Ebola nurse refuses quarantine, practices rights

Bryanna McDermott | Student Columnist

When health care professionals from the group Doctors without Borders arrived at an airport in Newark, New Jersey, last month from treating Ebola patients in Sierra Leone, each were tested for the disease and checked for symptoms. A nurse, Kaci Hickox, was found with an elevated fever and forced to be quarantined in an isolation tent outside of a hospital for four days before being allowed to return to her home in Maine, where she was expected to complete the 21 day incubation period.

Hickox had other plans. She found no reason to be quarantined since she tested negative for the disease not once, but twice. Kaci Hickox took it to court, saying that health care professionals returning from West Africa were being treated unfairly.

Maine District Court Chief Judge, Charles LaVerdiere, ruled in favor of Hickox; however, she’d have restrictions. She would have to be monitored, coordinate all travel plans with public health officials and immediately notify health authorities if symptoms should appear. Stricter limits came later, she could not go to public places such as shopping centers or movie theaters, maintain 3 feet between her and any other persons while participating in non-congregate public activities like jogging, and couldn’t leave her home of Fort Kent without consulting local health authorities.

On Monday, Nov. 3, it was ruled that Hickox can travel freely in public, but she is still required to have her health monitored and report any symptoms that should occur until Nov. 10, the end of the 21 day incubation period.

United States health care workers have traveled to these West African countries to help the victims and put an end to the outbreak. However, when they return to the U.S., they are treated just like Hickox. For putting their lives on the line in order to help thousands of people, they are expected to put their lives on hold for 21 days even if they possess no symptoms or test negative for the disease. This has raised the question, is it unconstitutional to quarantine travelers returning from West African countries affected by Ebola?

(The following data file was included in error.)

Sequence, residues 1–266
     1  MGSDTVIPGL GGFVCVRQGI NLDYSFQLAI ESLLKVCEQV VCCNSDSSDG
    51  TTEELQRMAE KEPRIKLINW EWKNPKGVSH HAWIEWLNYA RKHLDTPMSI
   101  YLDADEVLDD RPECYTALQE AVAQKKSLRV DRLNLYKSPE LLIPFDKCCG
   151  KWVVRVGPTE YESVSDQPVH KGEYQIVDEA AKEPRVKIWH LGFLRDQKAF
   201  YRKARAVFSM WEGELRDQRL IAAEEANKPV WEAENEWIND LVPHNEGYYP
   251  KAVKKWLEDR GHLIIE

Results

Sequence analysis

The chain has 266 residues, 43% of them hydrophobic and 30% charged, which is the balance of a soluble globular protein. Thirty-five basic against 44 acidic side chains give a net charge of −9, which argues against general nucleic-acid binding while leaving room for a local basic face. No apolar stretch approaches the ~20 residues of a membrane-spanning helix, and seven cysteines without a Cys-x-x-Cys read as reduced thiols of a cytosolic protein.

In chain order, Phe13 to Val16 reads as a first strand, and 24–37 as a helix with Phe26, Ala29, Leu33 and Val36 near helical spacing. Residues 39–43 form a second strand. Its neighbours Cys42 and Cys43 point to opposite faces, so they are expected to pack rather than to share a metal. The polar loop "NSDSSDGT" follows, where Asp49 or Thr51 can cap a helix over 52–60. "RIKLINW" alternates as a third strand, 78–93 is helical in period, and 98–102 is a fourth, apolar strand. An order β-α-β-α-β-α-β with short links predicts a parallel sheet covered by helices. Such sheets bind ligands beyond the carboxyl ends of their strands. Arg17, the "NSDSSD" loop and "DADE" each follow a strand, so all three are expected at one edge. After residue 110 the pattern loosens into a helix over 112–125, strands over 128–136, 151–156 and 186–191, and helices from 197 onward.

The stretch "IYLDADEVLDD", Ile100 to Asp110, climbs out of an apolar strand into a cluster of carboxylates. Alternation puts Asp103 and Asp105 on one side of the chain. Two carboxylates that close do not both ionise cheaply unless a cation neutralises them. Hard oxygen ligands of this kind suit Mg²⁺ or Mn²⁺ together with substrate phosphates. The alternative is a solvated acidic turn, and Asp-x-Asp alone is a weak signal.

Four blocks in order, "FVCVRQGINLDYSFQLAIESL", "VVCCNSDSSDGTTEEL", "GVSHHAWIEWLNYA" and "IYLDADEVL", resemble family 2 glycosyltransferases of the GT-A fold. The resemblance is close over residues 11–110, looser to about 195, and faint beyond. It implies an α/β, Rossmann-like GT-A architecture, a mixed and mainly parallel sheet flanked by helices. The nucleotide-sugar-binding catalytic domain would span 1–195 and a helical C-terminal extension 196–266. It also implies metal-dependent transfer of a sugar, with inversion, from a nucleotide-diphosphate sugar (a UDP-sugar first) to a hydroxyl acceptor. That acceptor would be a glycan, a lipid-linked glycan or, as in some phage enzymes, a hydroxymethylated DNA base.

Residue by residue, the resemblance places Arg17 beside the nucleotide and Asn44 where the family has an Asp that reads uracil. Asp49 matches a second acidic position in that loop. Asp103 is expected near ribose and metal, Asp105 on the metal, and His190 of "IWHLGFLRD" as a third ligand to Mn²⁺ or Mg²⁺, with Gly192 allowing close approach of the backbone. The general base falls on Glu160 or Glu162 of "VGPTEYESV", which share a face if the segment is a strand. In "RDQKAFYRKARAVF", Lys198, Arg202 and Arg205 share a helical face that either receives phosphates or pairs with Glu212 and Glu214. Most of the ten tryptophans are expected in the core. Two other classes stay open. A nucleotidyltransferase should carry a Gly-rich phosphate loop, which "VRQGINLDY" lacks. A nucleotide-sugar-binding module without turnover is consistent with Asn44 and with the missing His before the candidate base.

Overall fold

It is unconstitutional. These quarantines are defying are most basic rights of life, liberty, and the pursuit of happiness.

There’s a mass fear of Ebola in America, despite the fact that it isn’t a major concern at this point. Look at the facts, there has been a total of four confirmed cases of Ebola in the United States, one has died, but two have survived and another remains in stable condition in a New York hospital.

Ebola isn’t a highly transmittable disease, it can only be transmitted by coming in contact with bodily fluids. It’s only a concern in West African countries because there isn’t much help. Hospitals are overcrowded and victims forced to remain in their homes where their families take care of them without the protective suits health care workers possess. This leads to their family members contracting the disease and then creating a chain reaction. Here in America, we don’t have those problems because we have the luxury of being a first-world country with a plethora of hospitals with beds open for patients and the technology and transportation to help them overcome the disease.

The quarantines are simply a product of this irrational fear and a ploy by politicians to gain support through action. Kaci Hickox stated in an interview with NBC’s Meet the Press “When Governor Christie stated that it was an abundance of caution, which is his reasoning for putting health care workers in a sort of quarantine for three weeks, it was really an abundance of politics.”

Politicians are looking at this from a political viewpoint. When there’s mass panic and fear, they see an opportunity to become the theoretical heroes to come to the aid of the people.

The 21-day quarantines periods set by multiple states in America won’t hold up. Just like with Kaci Hickox, they will be thrown out as an injustice against personal liberty. The Ebola fear in the United States needs to be put to bed, but not by isolating those who return from aiding the West African countries victimized by the disease.

The population needs to be educated on the disease so that there’s caution instead of fear. As for returning doctors and nurses, they should be screened at the airport and if they test positive for Ebola or show multiple symptoms, then they should be taken to the hospital for treatment. If they test negative and show no sign of symptoms, they should be allowed to return to their lives with limited health monitoring. Holding healthy people against their will is wrong.

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